finals week







11:00 - 12:50









The schedule above is a guideline only.  We will make adjustments based on our progress during the semester, refined learning objectives, and the availability of outside experts who can help guide our discussion.  The exercises shown above will be announced in class.  If the student is not in class when they are assigned they will need to contact the Professor (email or phone) or locate a classmate who is willing to share the assignment with them.  The student is responsible for making sure that assignments are completed on time.


Concordia University Code of Academic Integrity

As part of Concordia’s goal to prepare students to be professionals for the transformation of society, students are expected to pursue their studies with integrity and character.  Students must agree to the Statement of Academic Integrity below in order to attend this class.

“As a member of the Concordia University community, I will neither engage in fraudulent or unauthorized behaviors in the presentation or completion of my work nor will I provide unauthorized assistance to others.”

Other Class Policies

Students should make every effort to notify the instructor of circumstances that will affect attendance and completion of required graded assignments and tests.  Late assignments will only be accepted with prior approval from the instructor.  All late assignments or make-up tests must be completed within one week of the original due date and will receive an automatic deduction of one letter grade. 

You are all future business leaders who will represent this University when you graduate.  As such, we have high expectations for the materials that you submit.  All written assignments MUST BE submitted typed, single spaced, using proper grammar and spelling.  Assignments that do not adhere to this format will be penalized one full letter grade.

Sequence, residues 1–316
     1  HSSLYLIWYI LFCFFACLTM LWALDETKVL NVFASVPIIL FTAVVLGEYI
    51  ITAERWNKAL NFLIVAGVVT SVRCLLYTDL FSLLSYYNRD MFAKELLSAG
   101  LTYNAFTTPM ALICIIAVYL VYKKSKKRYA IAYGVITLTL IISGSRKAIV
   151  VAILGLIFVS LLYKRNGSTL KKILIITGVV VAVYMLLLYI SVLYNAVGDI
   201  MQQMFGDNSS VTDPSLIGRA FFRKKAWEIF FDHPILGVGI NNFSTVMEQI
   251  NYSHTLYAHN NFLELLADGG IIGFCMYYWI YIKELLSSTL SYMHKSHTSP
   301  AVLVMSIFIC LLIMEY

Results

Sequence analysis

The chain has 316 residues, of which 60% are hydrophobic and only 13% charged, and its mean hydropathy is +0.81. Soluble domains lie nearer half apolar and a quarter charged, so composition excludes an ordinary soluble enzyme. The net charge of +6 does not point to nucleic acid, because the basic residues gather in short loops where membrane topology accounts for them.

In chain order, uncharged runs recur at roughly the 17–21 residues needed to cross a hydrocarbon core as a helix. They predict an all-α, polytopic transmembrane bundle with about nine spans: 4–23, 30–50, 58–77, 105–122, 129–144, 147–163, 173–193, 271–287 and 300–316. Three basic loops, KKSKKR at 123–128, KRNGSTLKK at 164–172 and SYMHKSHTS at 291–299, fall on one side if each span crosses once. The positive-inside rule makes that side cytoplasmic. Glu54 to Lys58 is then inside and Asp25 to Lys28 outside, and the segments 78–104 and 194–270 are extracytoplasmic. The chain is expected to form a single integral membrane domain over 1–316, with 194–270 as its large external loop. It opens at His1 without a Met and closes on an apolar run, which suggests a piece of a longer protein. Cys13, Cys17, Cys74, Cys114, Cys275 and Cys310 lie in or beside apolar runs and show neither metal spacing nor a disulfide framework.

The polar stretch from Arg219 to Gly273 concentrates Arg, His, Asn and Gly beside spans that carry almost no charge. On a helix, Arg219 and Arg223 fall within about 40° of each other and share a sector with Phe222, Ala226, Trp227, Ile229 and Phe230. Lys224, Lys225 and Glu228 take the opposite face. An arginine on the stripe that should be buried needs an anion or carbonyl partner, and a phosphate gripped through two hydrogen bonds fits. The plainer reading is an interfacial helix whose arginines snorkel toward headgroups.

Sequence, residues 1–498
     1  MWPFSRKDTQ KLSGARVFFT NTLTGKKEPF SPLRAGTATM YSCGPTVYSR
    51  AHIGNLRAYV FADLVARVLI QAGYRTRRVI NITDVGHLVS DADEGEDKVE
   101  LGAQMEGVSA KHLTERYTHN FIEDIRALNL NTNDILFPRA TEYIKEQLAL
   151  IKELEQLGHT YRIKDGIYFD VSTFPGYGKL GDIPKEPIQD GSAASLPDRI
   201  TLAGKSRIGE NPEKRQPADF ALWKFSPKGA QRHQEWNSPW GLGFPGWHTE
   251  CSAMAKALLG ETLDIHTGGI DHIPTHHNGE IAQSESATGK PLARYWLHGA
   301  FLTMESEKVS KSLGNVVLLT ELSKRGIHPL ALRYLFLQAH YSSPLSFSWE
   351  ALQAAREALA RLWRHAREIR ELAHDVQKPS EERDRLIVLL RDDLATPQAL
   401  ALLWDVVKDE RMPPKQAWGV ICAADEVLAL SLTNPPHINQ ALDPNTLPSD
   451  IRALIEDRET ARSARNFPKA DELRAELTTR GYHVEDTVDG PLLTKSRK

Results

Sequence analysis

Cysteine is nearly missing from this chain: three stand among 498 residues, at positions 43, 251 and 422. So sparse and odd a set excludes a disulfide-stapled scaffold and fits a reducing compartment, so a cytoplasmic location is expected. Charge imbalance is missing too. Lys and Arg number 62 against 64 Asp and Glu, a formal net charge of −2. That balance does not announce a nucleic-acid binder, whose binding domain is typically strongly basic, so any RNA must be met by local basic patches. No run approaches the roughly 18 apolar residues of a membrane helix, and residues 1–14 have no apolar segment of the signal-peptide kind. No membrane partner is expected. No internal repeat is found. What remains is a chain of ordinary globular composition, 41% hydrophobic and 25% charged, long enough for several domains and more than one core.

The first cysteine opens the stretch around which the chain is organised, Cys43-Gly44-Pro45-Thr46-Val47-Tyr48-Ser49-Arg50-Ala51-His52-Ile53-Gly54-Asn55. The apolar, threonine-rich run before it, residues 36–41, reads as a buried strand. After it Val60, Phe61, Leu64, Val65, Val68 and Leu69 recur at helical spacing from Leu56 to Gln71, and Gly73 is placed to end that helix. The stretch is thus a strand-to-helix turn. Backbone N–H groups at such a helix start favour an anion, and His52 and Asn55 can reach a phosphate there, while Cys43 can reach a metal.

Concordia University is a Christian institution supporting quality values and ethical standards, in and outside the classroom.  Show courtesy toward other students and instructors.  Don’t interrupt or be disruptive.  Lead by example.  If you have concerns about the class, class content, or any student behaviors please bring it to the attention of the Professor immediately – directly after class is best.

If you participate in extra-curricular activities that will require absence from class during the term, provide your instructor with an activity schedule at the beginning of the term, and then send an email reminder before each class session that you will miss.  Assignments are due before you leave on your trip.  Exercises that were assigned and due while you were on an athletic trip can be submitted when you return.

Cell phones may not be used in class (not even for SMS or IM).  Cell phones must be turned off and stored out of sight during class.  Students may use laptop computers in class, but only for taking notes or actively participating in class activity.  Beyond this, laptop computers may not be used to browse the Internet, send email, play games/movies, or otherwise engage in activities that disrupt the learning process.  Any student who violates this policy will be asked to leave and will receive a 0 for class participation on that day.  This same policy also applies to iPods, game systems, or any other distracting electronic device.

Plagiarism or cheating of any kind will result in an “F” grade for the assignment.

Eating is not allowed in class unless you bring enough for everyone.

Ask permission to bring a guest to class or to use a tape recorder.